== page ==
ORLANDO, Fla. – The Tavistock Cup, which since 2004 has been an interclub match between Isleworth’s and Lake Nona’s golf professional members, will have a different look this week.
For the first time, four clubs will compete for the Tavistock Cup, with 24 players involved in the competition. The first round of the two-day tournament at Isleworth Golf & Country Club begins in less than an hour (10:50 a.m. ET).
Monday’s format will consist of six matches of four-ball ( see schedule below). Tuesday’s competition will be singles matches.
Isleworth and Lake Nona will be two of the clubs in the competition, along with Albany and Queenwood. Albany is a new luxury resort community in The Bahamas and Queenwood is an exclusive private members’ club in the Surrey countryside near London.
Tiger Woods, fresh off his final-round 66 that bumped him up to 10th place at the World Golf Championships-Cadillac Championship on Sunday, will compete for Team Albany. Reigning U.S. Open champion Graeme McDowell leads Team Lake Nona ( team rosters below).
Tavistock Cup contestants play for prize money, team hole-in-one prizes and the title of World Golf And Country Club Champion.
The two-tournament will be broadcast live on the Golf Channel starting at Noon ET.
|TEAM ALBANY||TEAM ISLEWORTH||TEAM LAKE NONA||TEAM QUEENWOOD|
|Arjun Atwal||Robert Allenby||Ross Fisher||Thomas Bjorn|
|Ernie Els||Stuart Appleby||Retief Goosen||Darren Clarke|
|Trevor Immelman||Brian Davis||Peter Hanson||David Howell|
|Ian Poulter||J.B. Holmes||Graeme McDowell||Soren Kjeldsen|
|Justin Rose||Sean O’Hair||Henrik Stenson||Paul McGinley|
|Tiger Woods||Lee Janzen||Oliver Wilson||Adam Scott|
MONDAY’S FOUR-BALL MATCHES
|1||Arjun Atwal-Tiger Woods (Albany)||Thomas Bjorn-Adam Scott (Queenwood)|
|2||Robert Allenby-Stuart Appleby (Isleworth)||Peter Hanson-Henrik Stenson (Lake Nona)|
|3||Ian Poulter-Justin Rose (Albany)||Retief Goosen-Graeme McDowell (Lake Nona)|
|4||Brian Davis-J.B. Holmes (Isleworth)||Soren Kjeldsen-Paul McGinley (Queenwood)|
|5||Lee Janzen-Sean O’Hair (Isleworth)||Ross Fisher-Oliver Wilson (Lake Nona)|
|6||Ernie Els-Trevor Immelman (Albany)||Darren Clarke-David Howell (Queenwood)|
The first page of the leaderboard looks like a United Nations convention. There are nine different countries represented among the top 11 players.
Six of those are part of the European Union which bodes well for anyone who wants to end that nagging little jinx. The last time a European won the U.S. Open was 40 years ago at Hazeltine National when England’s Tony Jacklin beat Dave Hill by seven shots.
Northern Ireland's Graeme McDowell owns the lead at 4 under, one stroke ahead of American Dustin Johnson, who has won the last two PGA TOUR events played at Pebble Beach. Johnson just eagled the fourth hole to narrow the gap.
Ryo Ishikawa, the 18-year-old phenom from Japan; Gregory Havret of France, South Africa's Ernie Els and America's Phil Mickelson, the world's No. 2 player, are tied for fourth at event par.
The group at 1 over includes Martin Kaymer and Alex Cejka of Germany, England's Ian Poulter, K.J. Choi of South Korea and Soren Kjeldsen of Denmark. -- Helen Ross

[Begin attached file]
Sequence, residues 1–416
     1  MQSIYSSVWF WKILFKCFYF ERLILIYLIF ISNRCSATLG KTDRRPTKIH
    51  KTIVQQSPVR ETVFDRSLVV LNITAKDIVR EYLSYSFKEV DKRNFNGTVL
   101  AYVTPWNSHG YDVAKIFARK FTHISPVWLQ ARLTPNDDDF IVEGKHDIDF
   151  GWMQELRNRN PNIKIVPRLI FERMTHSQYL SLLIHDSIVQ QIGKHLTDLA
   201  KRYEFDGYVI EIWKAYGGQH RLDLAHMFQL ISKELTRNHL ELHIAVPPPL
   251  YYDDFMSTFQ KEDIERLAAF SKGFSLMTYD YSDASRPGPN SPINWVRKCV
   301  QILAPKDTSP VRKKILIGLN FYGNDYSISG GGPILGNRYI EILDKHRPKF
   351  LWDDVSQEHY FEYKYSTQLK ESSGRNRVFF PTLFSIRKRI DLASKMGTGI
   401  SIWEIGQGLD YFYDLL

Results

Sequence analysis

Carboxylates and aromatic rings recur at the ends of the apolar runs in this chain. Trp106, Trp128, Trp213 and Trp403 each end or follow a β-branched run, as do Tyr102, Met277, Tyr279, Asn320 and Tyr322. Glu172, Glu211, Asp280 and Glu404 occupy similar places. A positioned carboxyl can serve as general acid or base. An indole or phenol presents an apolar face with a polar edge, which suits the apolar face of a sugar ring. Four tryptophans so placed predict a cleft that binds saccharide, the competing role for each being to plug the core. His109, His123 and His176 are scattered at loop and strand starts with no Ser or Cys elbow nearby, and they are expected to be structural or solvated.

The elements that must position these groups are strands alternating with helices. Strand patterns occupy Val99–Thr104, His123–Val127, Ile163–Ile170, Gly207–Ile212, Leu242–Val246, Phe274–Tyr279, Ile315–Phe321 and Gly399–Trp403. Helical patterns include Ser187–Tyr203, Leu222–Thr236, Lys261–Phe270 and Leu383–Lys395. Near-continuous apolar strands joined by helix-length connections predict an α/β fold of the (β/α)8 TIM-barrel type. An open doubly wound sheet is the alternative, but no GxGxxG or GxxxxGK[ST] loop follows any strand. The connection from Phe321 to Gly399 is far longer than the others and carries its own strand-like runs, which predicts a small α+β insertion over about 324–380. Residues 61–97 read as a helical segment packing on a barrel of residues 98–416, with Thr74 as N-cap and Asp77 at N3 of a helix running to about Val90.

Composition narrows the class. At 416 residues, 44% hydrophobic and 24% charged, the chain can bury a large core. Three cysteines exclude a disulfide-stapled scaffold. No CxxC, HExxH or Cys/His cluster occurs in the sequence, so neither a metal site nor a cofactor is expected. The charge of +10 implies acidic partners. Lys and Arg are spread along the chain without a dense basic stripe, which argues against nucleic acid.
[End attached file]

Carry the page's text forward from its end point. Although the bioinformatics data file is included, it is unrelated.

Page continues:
Robert Karlsson’s posted his best finish of the season – and a career-best on the PGA TOUR – when he lost to Lee Westwood in a playoff at the St. Jude Classic presented by Smith & Nephew on Sunday.
The Swede continues to build on that momentum at the U.S. Open, too.
He just birdied the sixth and seventh holes to move to 2 under, although he gave a shot back on the next hole. So Karlsson is one stroke off the lead held jointly by Edoardo Molinari, Soren Kjeldsen and David Toms.
Contending at the U.S. Open is no surprise for Karlsson, though. He tied for fourth in the major in his last appearance in 2008 before he was sidelined with serious eye problems that only recently have been regulated. – Helen Ross
Luke Donald isn't the longest player on the PGA TOUR -- by any means. But Pebble Beach isn't one of the longer U.S. Open venues, either.
And the way the steady Englishman has been playing of late, many observers expected him to contend at the U.S. Open. Donald isn't disappointing, either.
He started on the back nine and reeled off nine straight pars. A birdie on the first hole has just put Donald in red numbers, only one stroke off the lead held by Soren Kjeldsen and Edoardo Molinari.
Donald ended a four-year victory drought with a win at the Madrid Masters last month. He tied for second in the European Tour's flagship event, the BMW PGA Championship, the week before his win and finished third in Wales the week after. – Helen Ross
Soren Kjeldsen, who just made the turn at 3 under and leads the 110th U.S. Open, isn't exactly a household name here in the States. So here are three things you should know about the 35-year-old Dane.
1) While you may be surprised to see him at the top of the leaderboard, his career-high finish on the PGA TOUR came in the 2009 PGA where he tied for sixth.
2) He's a three-time winner on the European Tour with victories in each of the last two seasons.
3) He ran a marathon in 1997 in a solid three hours, 54 minutes. He hasn't run one since, saying "Once was enough for me. I try to stay in good shape but not as extreme as that."
Kjeldsen is playing in his second U.S. Open. He has never broken par and is a combined 26 over in six rounds in the difficult and draining major. -- Helen Ross